Nostalgia, Folk Festivals and Morris Dancing

jailer's pet

Do you like to dress in Medieval robes too?

How the past always looks so much more enticing from a distance

I had a lovely time on a recent weekend. I went to a country town a couple of hours south from where I live to take part with my choir in a music festival. In case you’re wondering, we brought the house down… as usual… more information about my choir and our gigs here:

morris dancing 800 The festival was a Folk festival. I’ve sung at various folk festivals with the choir before and a standard feature of Folk festivals (at least in Australia) are the Morris Dancers.

Have you ever watched Morris Dancing?

You haven’t?

You clearly haven’t lived.

What’s the best word to describe it… Let’s see… Odd, I think

Very Odd.

Since the 15th century

People clearly take their Morris Dancing very seriously and they have done since the 15th century (if we are to believe Wikipedia on the matter). I asked a couple of people at the festival if they knew much about it. Few people knew anything but most assumed it had something to do with fertility… I think we all assume that when some unusual tradition is kept alive it has something to do with fertility. Again, according to Wikipedia, Morris dancing has nothing to do with fertility. It’s just about whimsical imitation of exotic cultures… The word Morris seems to derive from the word Moor… In other words the people we in the English-speaking world have generally felt least comfortable living on the same planet with.

spinning I never saw that coming when I went to find out a bit more about Morris dancing to write this article about folk festivals. I wonder what other surprises lurk beneath the innocent facades of the various folk festival entertainments…. How about spinning? Patchwork quilting? (There’s always a few people in long medieval looking robes spinning wool on ye olde spinning wheels). Or those re-enactments (especially of the battle of Hastings) What’s really going on there?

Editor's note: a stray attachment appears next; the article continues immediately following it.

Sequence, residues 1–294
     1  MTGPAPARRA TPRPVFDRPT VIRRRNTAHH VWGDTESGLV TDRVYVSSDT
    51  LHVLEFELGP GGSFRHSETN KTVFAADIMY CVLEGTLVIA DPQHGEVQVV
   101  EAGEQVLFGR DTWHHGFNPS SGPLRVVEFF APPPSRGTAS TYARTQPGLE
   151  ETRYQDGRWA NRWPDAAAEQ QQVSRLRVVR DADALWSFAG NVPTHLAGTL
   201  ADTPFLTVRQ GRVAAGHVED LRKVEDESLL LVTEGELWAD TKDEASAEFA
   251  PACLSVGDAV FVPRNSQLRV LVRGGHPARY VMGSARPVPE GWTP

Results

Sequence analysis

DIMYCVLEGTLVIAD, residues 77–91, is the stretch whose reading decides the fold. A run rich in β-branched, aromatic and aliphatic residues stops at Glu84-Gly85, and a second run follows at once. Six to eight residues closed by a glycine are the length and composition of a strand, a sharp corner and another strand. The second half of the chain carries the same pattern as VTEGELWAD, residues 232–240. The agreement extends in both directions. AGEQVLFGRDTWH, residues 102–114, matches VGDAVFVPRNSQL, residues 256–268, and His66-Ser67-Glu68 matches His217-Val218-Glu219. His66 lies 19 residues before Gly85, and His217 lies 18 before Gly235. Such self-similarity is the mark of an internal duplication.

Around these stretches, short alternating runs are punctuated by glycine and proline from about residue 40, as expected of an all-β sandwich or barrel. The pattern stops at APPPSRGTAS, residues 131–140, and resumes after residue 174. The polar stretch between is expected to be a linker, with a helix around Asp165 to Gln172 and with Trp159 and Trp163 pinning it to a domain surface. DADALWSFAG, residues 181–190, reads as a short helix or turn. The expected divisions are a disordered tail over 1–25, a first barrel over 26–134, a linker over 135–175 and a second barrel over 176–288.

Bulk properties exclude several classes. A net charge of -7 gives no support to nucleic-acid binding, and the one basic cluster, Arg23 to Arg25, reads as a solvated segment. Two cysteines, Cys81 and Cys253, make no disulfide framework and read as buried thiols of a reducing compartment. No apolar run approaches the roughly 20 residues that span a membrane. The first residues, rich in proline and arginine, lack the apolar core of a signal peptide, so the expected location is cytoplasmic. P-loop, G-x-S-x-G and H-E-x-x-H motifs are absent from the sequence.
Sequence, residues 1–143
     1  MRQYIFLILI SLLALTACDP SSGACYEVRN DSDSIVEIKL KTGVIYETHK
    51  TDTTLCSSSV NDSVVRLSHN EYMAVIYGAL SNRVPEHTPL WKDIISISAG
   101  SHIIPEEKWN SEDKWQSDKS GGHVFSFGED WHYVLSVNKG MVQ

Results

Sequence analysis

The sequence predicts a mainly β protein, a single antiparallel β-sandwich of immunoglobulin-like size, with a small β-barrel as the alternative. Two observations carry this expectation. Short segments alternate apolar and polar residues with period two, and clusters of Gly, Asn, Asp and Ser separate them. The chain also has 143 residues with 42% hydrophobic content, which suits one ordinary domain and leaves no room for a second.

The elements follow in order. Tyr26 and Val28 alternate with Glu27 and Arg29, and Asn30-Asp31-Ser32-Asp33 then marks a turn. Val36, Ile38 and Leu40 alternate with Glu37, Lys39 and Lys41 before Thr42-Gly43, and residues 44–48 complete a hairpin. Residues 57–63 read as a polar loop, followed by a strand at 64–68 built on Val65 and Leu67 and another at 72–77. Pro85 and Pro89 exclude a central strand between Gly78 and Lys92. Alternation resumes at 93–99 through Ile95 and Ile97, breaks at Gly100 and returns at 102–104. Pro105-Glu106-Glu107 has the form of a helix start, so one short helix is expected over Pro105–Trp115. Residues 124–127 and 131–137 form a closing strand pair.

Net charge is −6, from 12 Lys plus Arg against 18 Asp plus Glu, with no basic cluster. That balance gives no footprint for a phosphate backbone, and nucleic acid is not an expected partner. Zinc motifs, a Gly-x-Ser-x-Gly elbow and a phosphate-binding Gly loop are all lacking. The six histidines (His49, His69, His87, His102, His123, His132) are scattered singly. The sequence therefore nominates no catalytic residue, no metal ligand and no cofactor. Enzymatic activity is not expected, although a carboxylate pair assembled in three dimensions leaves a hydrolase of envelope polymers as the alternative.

Why do we get so excited about these pasttimes that have no relevance to us in 2014? I find it baffling. I particularly enjoy seeing someone in King Arthur costume pull out an Iphone and text his cohort to gather on the battle field… I bet Oliver Cromwell would have liked having one of those.


Nostalgia about adolescence

I was reminded by something one of my fellow choir members observed on the ride down. He said it’s interesting how we think nostalgically about things in our past that were no fun at all when they happened. It’s true… I think back to my Adolescence with a strong sense of nostalgia and when I meet up with someone from those days we rehash memories with big smiles on our faces and joy in our hearts… but really? I know rationally that most of my adolescence was far from fun… I had a pretty torrid and frustrating and angst driven adolescence and I think most of my school mates did too.

monty python dungeon jail jailers petI think we do the same when we re-enact medieval scenes… not many people who had to spend their days spinning in cold dank dark sheds in the 15th century were having a very good time. Not many children who were employed at slave wages working in the salt mines were having exciting child hoods. Not many heretics enjoyed being thrown into dungeons and being burnt at the stake.

There is actually no reason at all to get nostalgic about the Middle Ages. Human behaviour is fascinating isn’t it?

The Pyramids

I wonder if the peasants in medieval Europe put on enactments of life during the Roman Empire or if the peasants of the Roman empire re-enacted days in Egypt dragging 100 tonne blocks of stone up rickety wooden scaffolds building the pyramids?

But it seems the Morris Dancers (as well as the wickans and the druids) had a ball on Saturday… and so were we, blasting our Black American Gospel songs at the audience (cause we’re all so black and religious… not)

Customer Feedback the Simple Way

Guest Post Adam Ramshaw:

Do you know how your customers

think about you?… Do you really?

Guest Post by Adam Ramshaw, founder of Genroe (Australia) Pty Ltd and “Run our Survey”,

man on ladder For me every Monday is like a fresh beginning. I start out full of energy and a big list of things that needs to get done. But when rolling over my to-do list there is always a small number of items that just never seems to get completed because I’ve simply gotten caught up in the day to day.

As small businesses owners we are often so busy finding customers, getting orders, delivering services or products and collecting payments that we barely find time to stop and look around.

Maybe your customer feedback survey is one of those items that keeps getting rolled over; maybe you think it’s a luxury. Believe me it’s not.